LINGUIST List 30.1021

Mon Mar 04 2019

Calls: Anthro Linguistics, Historical Linguistics, Sociolinguistics, Typology/Finland

Editor for this issue: Everett Green <>

Date: 01-Mar-2019
From: Olesya Khanina <>
Subject: Interdisciplinary Symposium on the Role of Water Transit Points in Past Societies
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Full Title: Interdisciplinary Symposium on the Role of Water Transit Points in Past Societies
Short Title: Down by the water

Date: 06-Nov-2019 - 08-Nov-2019
Location: Helsinki, Finland
Contact Person: Olesya Khanina
Meeting Email: < click here to access email >
Web Site:

Linguistic Field(s): Anthropological Linguistics; Historical Linguistics; Sociolinguistics; Typology

Call Deadline: 30-Apr-2019

Meeting Description:

Waterways have been key factors in the development of societies from prehistoric times to nowadays, particularly due to their role as vectors for cultural interactions, material exchange, and transmission of knowledge. The fluidity of these highways of transport and communications is tightly linked to the presence of transit points: spaces with unique geographical characteristics that acted as nodal points between different communities. Transit points are thus defined as places of intense social contacts, putting objects of physical geography into the domain of social sciences and humanities.

The subject is challenging, as many activities that happen in the aquatic spaces seldom leave substantial archaeological traces behind due to the nature of the activities (for example, some actions take place on board vessels), or the inaccessibility of the archaeological remains (for example, submerged or silted spaces). In some instances, the location might have been obscured by lack of remains, but the impact of those interactions is visible in other ways, such as nautical technology or language exchanges.

Rivers are particularly relevant to language exchanges, as they have been crucial in defining language contact areas in such diverse parts of the world as Amazonia, Northern Europe, and Siberia, among others: in some cases, riverside locations are known to be areas of linguistic similarity resulting from long-term exchange relations between speakers of unrelated languages or from a population spread along a river path. In other areas, riverside locations can be areas of the most linguistic diversity if they serve as a marketplace to which temporarily gather representatives of the otherwise geographically distant language communities.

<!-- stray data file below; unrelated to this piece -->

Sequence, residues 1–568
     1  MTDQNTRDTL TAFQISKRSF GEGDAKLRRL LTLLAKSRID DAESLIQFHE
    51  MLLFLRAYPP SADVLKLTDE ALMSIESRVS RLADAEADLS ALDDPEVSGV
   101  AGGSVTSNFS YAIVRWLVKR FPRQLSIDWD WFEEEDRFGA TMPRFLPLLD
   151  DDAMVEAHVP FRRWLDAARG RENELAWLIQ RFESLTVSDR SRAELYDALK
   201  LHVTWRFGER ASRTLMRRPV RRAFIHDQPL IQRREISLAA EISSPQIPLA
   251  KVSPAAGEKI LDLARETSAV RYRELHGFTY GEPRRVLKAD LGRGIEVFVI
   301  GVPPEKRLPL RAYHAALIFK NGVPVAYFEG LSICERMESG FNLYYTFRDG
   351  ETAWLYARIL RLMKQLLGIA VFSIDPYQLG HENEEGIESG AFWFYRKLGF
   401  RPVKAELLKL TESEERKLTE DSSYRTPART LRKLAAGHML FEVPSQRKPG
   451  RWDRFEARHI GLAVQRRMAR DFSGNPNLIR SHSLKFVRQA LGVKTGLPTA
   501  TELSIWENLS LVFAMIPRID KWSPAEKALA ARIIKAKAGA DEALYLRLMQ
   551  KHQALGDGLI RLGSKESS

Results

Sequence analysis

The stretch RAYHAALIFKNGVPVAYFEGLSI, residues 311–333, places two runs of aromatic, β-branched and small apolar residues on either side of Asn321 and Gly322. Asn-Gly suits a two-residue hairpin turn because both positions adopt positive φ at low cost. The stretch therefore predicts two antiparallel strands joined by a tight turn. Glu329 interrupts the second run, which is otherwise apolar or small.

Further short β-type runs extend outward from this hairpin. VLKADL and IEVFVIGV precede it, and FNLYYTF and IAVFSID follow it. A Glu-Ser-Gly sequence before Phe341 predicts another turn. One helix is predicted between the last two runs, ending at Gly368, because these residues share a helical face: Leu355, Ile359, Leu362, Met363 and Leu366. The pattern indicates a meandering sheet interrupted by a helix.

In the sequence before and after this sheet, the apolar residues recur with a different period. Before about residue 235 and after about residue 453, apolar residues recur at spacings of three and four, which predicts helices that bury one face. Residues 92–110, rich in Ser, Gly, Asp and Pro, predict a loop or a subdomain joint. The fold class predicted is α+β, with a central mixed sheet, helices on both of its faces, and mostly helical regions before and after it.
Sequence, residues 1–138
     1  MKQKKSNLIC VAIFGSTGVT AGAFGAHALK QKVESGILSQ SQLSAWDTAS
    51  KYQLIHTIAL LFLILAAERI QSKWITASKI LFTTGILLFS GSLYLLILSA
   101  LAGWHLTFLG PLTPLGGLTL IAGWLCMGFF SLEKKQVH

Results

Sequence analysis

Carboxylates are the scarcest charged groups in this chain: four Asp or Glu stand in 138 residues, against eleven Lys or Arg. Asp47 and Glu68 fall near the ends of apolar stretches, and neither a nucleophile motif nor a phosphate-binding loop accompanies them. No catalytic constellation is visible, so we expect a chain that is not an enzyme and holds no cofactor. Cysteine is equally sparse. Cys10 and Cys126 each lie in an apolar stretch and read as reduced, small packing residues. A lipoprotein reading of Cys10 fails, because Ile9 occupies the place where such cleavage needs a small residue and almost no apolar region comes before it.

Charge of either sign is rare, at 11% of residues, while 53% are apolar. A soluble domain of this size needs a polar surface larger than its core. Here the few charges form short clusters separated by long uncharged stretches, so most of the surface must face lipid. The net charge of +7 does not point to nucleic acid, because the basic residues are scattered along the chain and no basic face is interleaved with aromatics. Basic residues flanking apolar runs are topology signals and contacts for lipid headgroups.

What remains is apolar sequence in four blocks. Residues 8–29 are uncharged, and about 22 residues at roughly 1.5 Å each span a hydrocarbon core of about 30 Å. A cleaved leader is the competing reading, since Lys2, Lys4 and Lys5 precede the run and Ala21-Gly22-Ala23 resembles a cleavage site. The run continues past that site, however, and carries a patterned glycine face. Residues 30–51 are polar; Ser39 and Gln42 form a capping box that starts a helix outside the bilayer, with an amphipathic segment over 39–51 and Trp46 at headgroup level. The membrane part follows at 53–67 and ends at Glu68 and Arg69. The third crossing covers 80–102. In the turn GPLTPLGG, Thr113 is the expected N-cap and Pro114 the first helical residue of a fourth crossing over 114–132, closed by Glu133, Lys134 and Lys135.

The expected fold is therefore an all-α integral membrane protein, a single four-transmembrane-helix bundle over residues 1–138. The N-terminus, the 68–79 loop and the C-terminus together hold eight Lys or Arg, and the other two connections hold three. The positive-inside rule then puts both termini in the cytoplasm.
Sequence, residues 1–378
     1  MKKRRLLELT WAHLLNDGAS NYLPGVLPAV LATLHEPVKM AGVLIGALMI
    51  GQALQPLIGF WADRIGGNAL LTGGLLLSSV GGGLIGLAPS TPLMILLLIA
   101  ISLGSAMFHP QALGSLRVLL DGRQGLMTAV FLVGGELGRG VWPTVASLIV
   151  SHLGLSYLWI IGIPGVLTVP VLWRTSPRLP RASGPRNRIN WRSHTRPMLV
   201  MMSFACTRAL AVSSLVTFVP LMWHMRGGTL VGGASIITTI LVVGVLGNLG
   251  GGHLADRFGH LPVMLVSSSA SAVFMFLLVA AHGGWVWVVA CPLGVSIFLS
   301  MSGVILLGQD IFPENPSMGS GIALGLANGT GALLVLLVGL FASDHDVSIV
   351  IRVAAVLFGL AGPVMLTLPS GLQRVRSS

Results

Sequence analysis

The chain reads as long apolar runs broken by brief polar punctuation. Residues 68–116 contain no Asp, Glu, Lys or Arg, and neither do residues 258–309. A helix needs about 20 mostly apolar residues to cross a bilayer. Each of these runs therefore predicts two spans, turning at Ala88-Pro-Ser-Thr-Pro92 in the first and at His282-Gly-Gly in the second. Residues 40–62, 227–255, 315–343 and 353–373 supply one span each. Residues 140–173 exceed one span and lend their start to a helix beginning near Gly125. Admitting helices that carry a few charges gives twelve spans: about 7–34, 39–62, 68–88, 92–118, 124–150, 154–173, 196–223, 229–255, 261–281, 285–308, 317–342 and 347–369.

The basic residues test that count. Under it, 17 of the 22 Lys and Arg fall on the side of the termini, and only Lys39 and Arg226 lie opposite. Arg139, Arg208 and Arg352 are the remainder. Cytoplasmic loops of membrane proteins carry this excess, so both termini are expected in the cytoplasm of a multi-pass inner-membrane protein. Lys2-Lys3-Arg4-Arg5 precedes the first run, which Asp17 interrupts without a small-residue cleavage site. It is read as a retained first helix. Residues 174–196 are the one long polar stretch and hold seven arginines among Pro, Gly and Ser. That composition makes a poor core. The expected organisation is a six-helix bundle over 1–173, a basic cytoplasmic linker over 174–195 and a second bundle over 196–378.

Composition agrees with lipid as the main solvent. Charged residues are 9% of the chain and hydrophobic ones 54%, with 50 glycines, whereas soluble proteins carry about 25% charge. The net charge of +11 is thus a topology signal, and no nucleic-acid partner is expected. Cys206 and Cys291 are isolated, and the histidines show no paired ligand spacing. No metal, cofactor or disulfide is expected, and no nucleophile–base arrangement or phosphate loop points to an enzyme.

By engaging with interdisciplinary theoretical approaches like the maritime cultural landscape, boat biographies, or language contact studies, researchers will be able to recognize the impact of maritime or fluvial cultures onto their social framework and bring a balance to the narratives of the past in regions with amphibious landscapes.
This conference seeks to challenge the interaction between models and particular case studies. To this aim, we would like to invite proposals from scholars conducting research in different fields whose focus is human activities in rivers, sea-river, and coastal transit points with a broad geographic and chronological perspective. With this interdisciplinary approach, we expect to demonstrate what can be achieved by changing the research paradigm to one that fully embraces the nuances of the aquatic world, and specially the intricate connection between water spaces and humans.

Plenary Speakers:

Himanshu Prabha Ray (Jawaharlal Nehru University),
Christoph Schäfer (University of Trier),
Rik Van Gijn (University of Zurich),
Crystal El Safadi (University of Southampton)

Organizing Committee:

Elisabeth Holmqvist-Sipilä, HCAS
Olesya Khanina, HCAS/ Institute of Linguistics, Russian Academy of Sciences
Emilia Mataix Ferrandiz, HCAS
Veronica Walker Vadillo, HCAS

Call for Papers:

Suggested topics:

- Port and harbour communities
- Trade and economics at transit points
- Human-environment interactions along waterways
- Nautical technology and design: exchanges and group identity
- Linguistic dispersal through waterways
- Language contact and waterways
- Multilingualism along major rivers

Prospective presenters are requested to submit an abstract in a .docx file containing:

- Title of the presentation
- Name of the presenter
- Email and affiliation
- Abstract of no more than 250 words.
- Keywords

Submission deadline: 30 April 2019
Submissions should be made to:
Further inquiries should be made to:
Veronica Walker Vadillo at (general issues) or Olesya Khanina at (linguistic issues)

Page Updated: 04-Mar-2019